Every night I pray for my children—all of my children. Something in me breaks when I think about being the only person on Earth who prays for the one we lost. I know she doesn’t need my prayers. She’s already in heaven. So, I guess it’s the part of being not needed that hurts. I was born to be a mother, to be needed, to care for these tiny people so inextricably connected to my soul. I get to do that each and every day for four of my children. And one, I do not. She doesn’t need me. Where she is, there is no need. It’s a joyous thought. And, I’m oh so broken by it.
I pray with my whole self that I am survived by my sons. This is the natural order of things. For anyone reading this who has experienced otherwise, I am praying for you. Women who have suffered a miscarriage or multiple miscarriages, at any stage in pregnancy, I am praying for you. Couples walking through the pain of infertility, I am praying for you. You are all still parents, because you grieve. Love is the deep, deep root of grief.
Mourning grows from unabashed love amidst a battered world. No one wants to grieve. But, if God said, “I can take away your grief, but your ability to love will come with it…” we would hang on to it, wouldn’t we? We would, and we do. God grieves by choice as well, because He loves us and we suffer. Blessed are those who mourn, because to grieve is to love—the greatest of all. I’m sorry and thankful for a truth so beautiful and brutal.
Someone reading this feels the same heartbreaking, happy anticipation of meeting a child they love irrevocably. Meeting a stranger who they know with their entire being. It reminds me of the love I have for Jesus—someone I know without having met. He lived, died, and lived again before me and for me—an innocent who loved me before I was wonderfully, fearfully, imperfectly made so strong and frail.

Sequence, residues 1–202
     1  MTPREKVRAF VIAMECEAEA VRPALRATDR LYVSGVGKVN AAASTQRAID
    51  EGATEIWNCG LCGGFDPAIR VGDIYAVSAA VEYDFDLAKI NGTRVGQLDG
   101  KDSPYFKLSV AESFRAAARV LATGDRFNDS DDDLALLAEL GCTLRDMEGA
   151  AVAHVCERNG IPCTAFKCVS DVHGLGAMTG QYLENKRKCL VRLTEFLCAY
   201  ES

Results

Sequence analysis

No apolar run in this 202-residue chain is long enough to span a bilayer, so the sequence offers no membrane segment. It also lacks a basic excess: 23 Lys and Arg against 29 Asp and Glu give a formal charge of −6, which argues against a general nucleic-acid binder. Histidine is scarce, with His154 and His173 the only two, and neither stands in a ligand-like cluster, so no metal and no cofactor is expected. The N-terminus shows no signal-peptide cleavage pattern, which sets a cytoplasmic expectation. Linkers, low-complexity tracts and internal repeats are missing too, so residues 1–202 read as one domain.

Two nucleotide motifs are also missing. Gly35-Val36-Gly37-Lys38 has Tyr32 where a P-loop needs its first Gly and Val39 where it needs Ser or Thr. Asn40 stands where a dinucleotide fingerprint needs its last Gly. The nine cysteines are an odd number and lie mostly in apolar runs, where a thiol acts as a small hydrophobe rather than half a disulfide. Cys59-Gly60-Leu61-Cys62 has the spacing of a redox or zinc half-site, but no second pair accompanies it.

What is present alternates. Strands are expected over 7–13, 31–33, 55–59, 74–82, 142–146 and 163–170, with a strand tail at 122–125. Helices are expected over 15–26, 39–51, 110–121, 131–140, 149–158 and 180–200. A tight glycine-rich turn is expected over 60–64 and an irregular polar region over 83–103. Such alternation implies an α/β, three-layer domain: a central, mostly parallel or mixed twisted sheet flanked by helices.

I needed a name to pray with. She deserved at least a name, an acknowledgement of her existence. Her name is April, if you’d like to know. In the spring, we planted a tree in her memory. She would have been born in April, so it seemed fitting. Spring had always been my favorite season—a time of birth and new beginnings. In my anger and grief, this seemed like too cruel an irony at first. I dreaded spring for a season of my life. Now, it feels perfect.
You see, when the skeleton trees grow full with life and the birds come home through the heavens, I think of April’s birth—not the one she didn’t have, but of the one she did. I think of her new beginning, a soul born into heaven, made whole in Christ’s loving embrace. And God willing, when the winter of my earthly life comes, I will wake to spring. She’ll be waiting for me there, and I will once again be born to be a mother.